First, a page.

Pet. Go fetch them hither; if they deny to come, When they are bound to serve, love, and obey. Swinge me them soundly forth unto their husbands: Why are our bodies soft, and weak, and smooth, Away, I
(Exit KATHARINA. But that our soft conditions 8 and our hearts, Luc. Here is a wonder, if you talk of a wonder. Should well agree with our external parts? Hor. And so it is; I wonder what it bodes.
Come, come, you froward and unable worms! Pet. Marry, peace it bodes, and love and quiet life, My mind hath been as big as one of yours, An awful rule, and right supremacy ;
My heart as great; my reason, baply more And, to be short, what not, that's sweet and happy. To bandy word for word, and frown for frown:
Bap. Now fair befal thee, good Petruchio! But now, I see our lances are but straws; The wager thou hast won; and I will add
Our strength as weak, our weakness past compare, Unto their losses twenty thousand crowns; That seeming to be niost, which we least are. Another dowry to another daughter,
Then vail your stomachs 9, for it is no boot ; For she is chang'd, as she had never been.
& Gentle tempers.
9 Abate your spirits.
And place your hands below your husband's foot : Pet. Come, Kate, we'll to bed :
We three are married, but you two are sped.
'Twas I won the wager, though you hit the white : Pet. Why, there's a wench !- Come on, and kiss
[To LUCENTIO. me, Kate.
And, being a wimer, God give you good night! Luc. Well, go thy ways, old lad; for thou shalt
[Ereunt Petruchio and KATI. ha't.
Hor. Now go thy ways, thou hast tam'd a curst Vin. 'Tis a good hearing, when children are to
Luc. 'Tis a wonder, by your leave, she will be Luc. But a harsh hearing, when women are fro
Leontes, King of Sicilia.
Clown, his Son. MAMILLJUS, his Son.
Servant to the old Shepherd. CAMILLO,
AUTOLYCUS, a Rogue. ANTIGONUS,
Time, as Chorus. CLEOMENES,
Sicilian Lords. Dion,
HERMIONE, Queen to Leontes. Another Sicilian Lord.
Perdita, Daughter to Leontes and Hermione. Rogero, a Sicilian Gentleman.
Paulina, Wife to Antigonus.
Lords, Ladies, and Attendants; Salyrs for a Dance ; Gaoler.
Shepherds, Shepherdesses, Guards, fc. An old Shepherd, n'puted Father of Perdita.
SCENE, sometimes in Sicilia, sometimes in Bohemia.
Two other Ladies
, } attending the Queen. } Shepherdesses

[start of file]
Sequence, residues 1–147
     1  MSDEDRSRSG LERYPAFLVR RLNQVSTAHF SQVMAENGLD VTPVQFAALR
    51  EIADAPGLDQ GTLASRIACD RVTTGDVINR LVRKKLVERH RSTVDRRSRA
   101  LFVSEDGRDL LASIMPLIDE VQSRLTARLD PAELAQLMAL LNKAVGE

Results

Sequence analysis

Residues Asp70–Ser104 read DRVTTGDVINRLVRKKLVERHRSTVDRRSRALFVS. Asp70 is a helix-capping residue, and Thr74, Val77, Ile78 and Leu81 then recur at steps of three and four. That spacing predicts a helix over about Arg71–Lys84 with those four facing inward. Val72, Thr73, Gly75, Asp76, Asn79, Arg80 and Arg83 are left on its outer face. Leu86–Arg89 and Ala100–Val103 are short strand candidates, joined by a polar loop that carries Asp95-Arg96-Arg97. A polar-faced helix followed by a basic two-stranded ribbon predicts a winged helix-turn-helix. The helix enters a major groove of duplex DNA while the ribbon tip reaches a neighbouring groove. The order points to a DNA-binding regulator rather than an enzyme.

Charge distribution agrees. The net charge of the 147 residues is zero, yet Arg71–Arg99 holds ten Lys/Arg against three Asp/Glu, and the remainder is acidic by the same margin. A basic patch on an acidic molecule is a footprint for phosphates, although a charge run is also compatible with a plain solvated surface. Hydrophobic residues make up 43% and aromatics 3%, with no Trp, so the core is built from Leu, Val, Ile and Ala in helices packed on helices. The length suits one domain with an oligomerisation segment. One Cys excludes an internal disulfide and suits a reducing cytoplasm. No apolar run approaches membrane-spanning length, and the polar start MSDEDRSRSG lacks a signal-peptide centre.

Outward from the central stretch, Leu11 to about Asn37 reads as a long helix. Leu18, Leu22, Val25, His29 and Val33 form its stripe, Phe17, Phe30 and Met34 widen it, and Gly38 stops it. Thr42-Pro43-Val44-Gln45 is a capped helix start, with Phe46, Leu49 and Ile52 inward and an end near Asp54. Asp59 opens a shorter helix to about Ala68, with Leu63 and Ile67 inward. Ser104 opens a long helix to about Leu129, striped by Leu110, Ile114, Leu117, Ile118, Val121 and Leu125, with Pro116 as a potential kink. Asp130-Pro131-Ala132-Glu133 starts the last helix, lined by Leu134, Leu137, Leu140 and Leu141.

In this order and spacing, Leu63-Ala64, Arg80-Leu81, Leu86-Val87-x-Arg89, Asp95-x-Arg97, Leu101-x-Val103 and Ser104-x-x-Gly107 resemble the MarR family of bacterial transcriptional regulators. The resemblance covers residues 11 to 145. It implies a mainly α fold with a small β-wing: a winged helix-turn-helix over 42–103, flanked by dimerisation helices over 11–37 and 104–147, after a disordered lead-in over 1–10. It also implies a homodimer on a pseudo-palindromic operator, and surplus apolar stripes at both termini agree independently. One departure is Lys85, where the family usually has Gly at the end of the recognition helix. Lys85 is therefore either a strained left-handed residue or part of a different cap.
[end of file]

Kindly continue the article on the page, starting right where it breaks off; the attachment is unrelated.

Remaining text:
SCENE I. Sicilia. An Antichamber in Leontes' | such an affection, which cannot choose but branch Palace.
now. Since their more mature dignities, and royal
necessities, made separation of their society, their Enter Camillo and ARCHIDAMUS.
encounters, though not personal, have been royally Arch. If you shall chance, Camillo, to visit Bo- attornied', with interchange of gifts, letters, loving hemia, on the like occasion whereon my services embassies; that they have seemed to be together, are now on foot, you shall see, as I have said, great though absent ; shook hands, as over a vast ? ; and difference betwixt our Bohemia and your Sicilia.
embraced, as it were, from the ends of opposed
winds. Cam. I think, this coming summer, the king of
The heavens continue their loves ! Sicilia means to pay Bohemia the visitation which
Arch. I think, there is not in the world either he justly owes him.
malice, or matter, to alter it. You have an unArch. Wherein our entertainment shall shame us, speakable comfort of your young prince Mamillius; we will be justified in our loves : for, indeed, –
it is a gentleman of the greatest promise, that ever Cam. 'Beseech you,
came into my note. Arch. Verily, I speak it in the fredom of my him: 'it is a gallant child; one that, indeed, phy
Cam. I very well agree with you in the hopes of knowledge: we cannot with such magnificence in so rare — I know not what to say. - We will sicks the subject 3, makes old hearts fresh : they, give you sleepy drinks: that your senses, unintel- that went on crutches ere he was born, desire yet ligent of our insufficience, may, though they cannot their life, to see him a man. praise us, as little accuse us.
Arch. Would they else be content to die? Cam. You pay a great deal too dear, for what's
Cam. Yes: if there were no other excuse why given freely.
they should desire to live. Arch. Believe me, I speak as my understanding
Arch. If the king had no son, they would desire instructs me, and as mine honesty puts it to utterance. to live on crutches till he had one.
(Eseunt. Cam. Sicilia cannot show himself over-kind to Bohemia. They were trained together in their